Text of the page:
Archive for the ‘Food and drink’ Category

Chocolate Week – Part 4

February 19, 2011

So far we’ve looked at the science of making chocolate, the effects it has on your brain, the reasons for cravings and how to overcome those cravings. For Part 4 of Chocolate Week we examine the health benefits of chocolate.

 

Because chocolate contains a high amount of sugar and fats it’s definitely a sometimes food. Not going to deny that at all – it’s important to eat it in moderation. But it is not entirely bad news, because there are some health benefits from eating chocolate, many of which are related to heart health.

 

In two studies released last year, eating around 6 grams of chocolate per day was shown to reduce heart failure and the risk of stroke. For a heart attack, the risk was reduced to around 75% compared to people who ate no chocolate, while the risk of a stroke was reduced by half. These effects were partially a result of reduced blood pressure in people who ate chocolate, however the reduced blood pressure was not the only reason for the reduced risk.

 

The reduced risk of heart failure, stroke, and lowered blood pressure is likely due to chocolate’s ability to thin the blood. Blood contains a type of cell called platelets, which when we cut a blood vessel will clump together and form a blockage to stop blood loss from the cut. However, if the platelets begin to clump together inside the blood vessels they increase blood pressure and cause a blockage in normal blood flow, leading to strokes or heart attacks. By reducing the ability of platelets to clump together inside blood vessels, chocolate can reduce the risk of heart attacks and strokes, and is actually the same way that many pharmaceutical drugs act to achieve the same effect. Dark chocolate is especially effective, with milk chocolate and white chocolate having almost no effect.

 

Adding to this effect of inhibiting platelet clumping, chocolate also improves blood flow by causing blood vessel relaxation. This effect was especially seen in the blood vessels surrounding the heart, the health of which is vitally important in preventing heart attacks. The relaxing of the arteries allows proper blood flow and also further reduces the likelihood of platelet clumping. The pumping action of arteries, important for keeping blood moving around the body, was also found to be improved after eating chocolate. Again, these effects are more pronounced after eating dark chocolate than other types.

 

Chocolate also has effects on insulin, but not what you may expect. Diabetes is a result of insulin resistance, basically the body can’t extract sugar from your bloodstream. Dark chocolate however, in healthy people, increases the ability of insulin to remove sugar from your bloodstream. I’m not going to suggest that diabetics start eating dark chocolate – you should always follow advice from your doctor and not something you read from the internet – but in healthy people it will decrease insulin resistance and allow your body to take up more sugar from the blood.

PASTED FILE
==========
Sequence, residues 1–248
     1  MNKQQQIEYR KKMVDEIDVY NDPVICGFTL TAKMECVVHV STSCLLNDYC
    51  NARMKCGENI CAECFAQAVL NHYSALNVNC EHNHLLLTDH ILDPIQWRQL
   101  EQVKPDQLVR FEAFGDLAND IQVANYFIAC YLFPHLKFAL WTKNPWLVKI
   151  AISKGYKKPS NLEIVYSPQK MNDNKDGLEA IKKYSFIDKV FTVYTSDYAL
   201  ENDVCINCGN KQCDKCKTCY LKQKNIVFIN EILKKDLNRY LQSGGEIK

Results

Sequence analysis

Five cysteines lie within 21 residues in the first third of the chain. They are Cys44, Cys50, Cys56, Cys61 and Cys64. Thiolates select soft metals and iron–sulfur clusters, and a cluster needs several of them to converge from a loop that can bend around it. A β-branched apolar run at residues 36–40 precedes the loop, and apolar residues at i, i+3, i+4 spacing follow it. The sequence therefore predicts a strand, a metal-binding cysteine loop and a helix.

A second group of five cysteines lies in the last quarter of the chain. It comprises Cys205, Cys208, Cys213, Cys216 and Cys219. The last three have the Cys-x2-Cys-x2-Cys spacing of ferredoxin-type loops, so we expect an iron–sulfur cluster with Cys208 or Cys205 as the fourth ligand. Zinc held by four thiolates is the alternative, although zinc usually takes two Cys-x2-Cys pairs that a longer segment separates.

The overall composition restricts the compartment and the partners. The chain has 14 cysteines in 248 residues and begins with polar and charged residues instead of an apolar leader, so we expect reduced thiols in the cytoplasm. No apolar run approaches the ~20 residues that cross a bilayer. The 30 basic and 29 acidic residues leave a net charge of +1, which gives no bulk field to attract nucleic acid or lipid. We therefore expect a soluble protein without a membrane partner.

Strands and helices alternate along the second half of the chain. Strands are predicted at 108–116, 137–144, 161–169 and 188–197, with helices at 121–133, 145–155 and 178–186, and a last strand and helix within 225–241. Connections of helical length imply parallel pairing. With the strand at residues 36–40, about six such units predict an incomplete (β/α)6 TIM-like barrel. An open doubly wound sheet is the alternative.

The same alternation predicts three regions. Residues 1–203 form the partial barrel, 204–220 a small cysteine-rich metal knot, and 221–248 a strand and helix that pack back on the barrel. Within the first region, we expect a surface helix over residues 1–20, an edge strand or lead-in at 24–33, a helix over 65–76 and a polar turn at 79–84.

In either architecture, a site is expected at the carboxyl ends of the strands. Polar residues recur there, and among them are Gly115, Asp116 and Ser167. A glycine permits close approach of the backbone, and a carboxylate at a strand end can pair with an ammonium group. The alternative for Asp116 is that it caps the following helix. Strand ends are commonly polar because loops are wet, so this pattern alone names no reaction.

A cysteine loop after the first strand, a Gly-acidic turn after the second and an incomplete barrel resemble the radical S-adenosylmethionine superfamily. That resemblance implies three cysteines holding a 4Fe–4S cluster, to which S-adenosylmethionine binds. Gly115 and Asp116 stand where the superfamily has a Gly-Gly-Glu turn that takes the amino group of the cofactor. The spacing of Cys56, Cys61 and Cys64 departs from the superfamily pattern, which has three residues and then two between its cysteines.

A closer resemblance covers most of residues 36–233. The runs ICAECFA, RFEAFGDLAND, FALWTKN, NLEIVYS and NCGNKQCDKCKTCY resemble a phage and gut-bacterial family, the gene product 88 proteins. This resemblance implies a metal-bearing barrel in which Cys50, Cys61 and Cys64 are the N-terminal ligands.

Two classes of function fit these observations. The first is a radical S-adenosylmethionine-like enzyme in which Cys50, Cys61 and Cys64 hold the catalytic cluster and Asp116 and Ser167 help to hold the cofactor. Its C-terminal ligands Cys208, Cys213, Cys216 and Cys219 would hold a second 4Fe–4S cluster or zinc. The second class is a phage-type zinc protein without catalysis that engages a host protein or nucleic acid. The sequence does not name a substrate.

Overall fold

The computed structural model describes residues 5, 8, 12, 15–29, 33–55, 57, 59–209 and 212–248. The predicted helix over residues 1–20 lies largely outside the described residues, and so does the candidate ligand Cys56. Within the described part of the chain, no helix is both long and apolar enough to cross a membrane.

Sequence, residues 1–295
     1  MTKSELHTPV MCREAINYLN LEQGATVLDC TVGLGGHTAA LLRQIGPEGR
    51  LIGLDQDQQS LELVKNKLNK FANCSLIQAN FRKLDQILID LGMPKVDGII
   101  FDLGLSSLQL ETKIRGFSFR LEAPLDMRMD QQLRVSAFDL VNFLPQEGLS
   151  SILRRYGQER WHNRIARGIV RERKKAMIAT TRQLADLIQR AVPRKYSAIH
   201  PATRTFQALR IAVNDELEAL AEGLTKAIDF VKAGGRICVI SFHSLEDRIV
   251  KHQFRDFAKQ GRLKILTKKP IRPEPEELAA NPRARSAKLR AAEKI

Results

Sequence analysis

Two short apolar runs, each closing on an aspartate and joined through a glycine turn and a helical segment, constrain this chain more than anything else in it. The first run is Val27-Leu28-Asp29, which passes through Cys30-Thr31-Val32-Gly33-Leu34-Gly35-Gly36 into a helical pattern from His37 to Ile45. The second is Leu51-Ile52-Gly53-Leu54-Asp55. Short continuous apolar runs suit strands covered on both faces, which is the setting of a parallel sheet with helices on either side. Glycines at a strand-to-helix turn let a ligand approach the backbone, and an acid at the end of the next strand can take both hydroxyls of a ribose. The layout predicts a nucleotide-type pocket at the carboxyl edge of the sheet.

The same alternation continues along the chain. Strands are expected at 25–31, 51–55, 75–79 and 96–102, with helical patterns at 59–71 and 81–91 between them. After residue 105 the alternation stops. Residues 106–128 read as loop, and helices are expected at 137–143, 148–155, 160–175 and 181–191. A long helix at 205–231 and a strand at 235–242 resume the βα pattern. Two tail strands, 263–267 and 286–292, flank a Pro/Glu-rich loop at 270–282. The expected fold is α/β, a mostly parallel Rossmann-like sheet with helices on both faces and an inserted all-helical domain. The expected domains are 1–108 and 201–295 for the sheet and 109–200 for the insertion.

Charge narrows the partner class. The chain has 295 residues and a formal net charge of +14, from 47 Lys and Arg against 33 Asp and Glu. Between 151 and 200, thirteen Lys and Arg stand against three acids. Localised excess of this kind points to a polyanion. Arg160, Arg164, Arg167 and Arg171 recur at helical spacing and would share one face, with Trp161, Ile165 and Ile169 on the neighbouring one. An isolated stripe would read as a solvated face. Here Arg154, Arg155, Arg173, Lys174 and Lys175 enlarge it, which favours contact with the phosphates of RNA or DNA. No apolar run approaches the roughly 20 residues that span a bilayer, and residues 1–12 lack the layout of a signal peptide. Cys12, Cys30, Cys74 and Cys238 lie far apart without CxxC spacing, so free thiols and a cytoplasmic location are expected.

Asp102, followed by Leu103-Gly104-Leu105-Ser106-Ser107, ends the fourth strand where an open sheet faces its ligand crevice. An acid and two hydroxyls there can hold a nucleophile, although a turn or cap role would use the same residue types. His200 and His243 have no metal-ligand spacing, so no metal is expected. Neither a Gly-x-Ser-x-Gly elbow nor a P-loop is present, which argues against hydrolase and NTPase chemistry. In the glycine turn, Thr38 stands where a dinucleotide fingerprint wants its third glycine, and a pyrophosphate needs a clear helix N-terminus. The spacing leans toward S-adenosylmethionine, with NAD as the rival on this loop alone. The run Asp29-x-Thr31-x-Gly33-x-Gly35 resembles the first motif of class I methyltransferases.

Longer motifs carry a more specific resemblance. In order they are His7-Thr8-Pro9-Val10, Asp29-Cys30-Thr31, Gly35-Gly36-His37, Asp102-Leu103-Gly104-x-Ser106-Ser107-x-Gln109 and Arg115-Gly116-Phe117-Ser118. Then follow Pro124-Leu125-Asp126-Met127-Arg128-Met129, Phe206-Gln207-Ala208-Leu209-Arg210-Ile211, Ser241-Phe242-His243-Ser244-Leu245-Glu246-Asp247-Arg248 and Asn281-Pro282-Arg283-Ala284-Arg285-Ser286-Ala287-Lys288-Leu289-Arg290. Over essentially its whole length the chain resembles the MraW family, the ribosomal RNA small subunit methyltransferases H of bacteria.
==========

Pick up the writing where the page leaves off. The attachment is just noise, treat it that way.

You may think that the fat content of chocolate may increase cholesterol, negating any improvements in heart function. However, one third of the fat found in chocolate is a type which does not change cholesterol production. On the contrary, dark chocolate has actually been found to increase production of HDL, so-called “good” cholesterol, and prevent changes to “bad” cholesterol which would make it even more harmful. These harmful effects of “bad” cholesterol include the formation of plaques inside blood vessels which interrupt blood flow and can lead to heart attacks and strokes. So stopping these modifications to “bad” cholesterol and increasing the amount of “good” cholesterol is another way chocolate can prevent these from occurring.

 

Many of these effects are from chemicals found in chocolate called polyphenols. This group of chemicals are also found in other foods and drinks which have good effects on health, such as tea and red wine. The cacao bean is unusually rich in polyphenols. however much is lost during the fermentation and drying process, and more are lost during the changes in temperature during conching and tempering. Because these chemicals come from the cacao beans, dark chocolate has considerably more than milk chocolate, as would be expected given the higher cacao content of dark chocolate. One study found around 3 times as much polyphenol in dark compared to milk, so if you really wanted to get the benefits of chocolate, stick to the raw beans or dark chocolate. Having tasted raw beans, I’d recommend sticking to the dark chocolate.

 

There are health benefits from eating chocolate, especially for the heart, but there are also downsides from the sugar and fat content. So as with everything, it’s best to keep it in moderation as part of a balanced diet.

 

Chocolate Week recap:

Chocolate Week

Part 1 – Making chocolate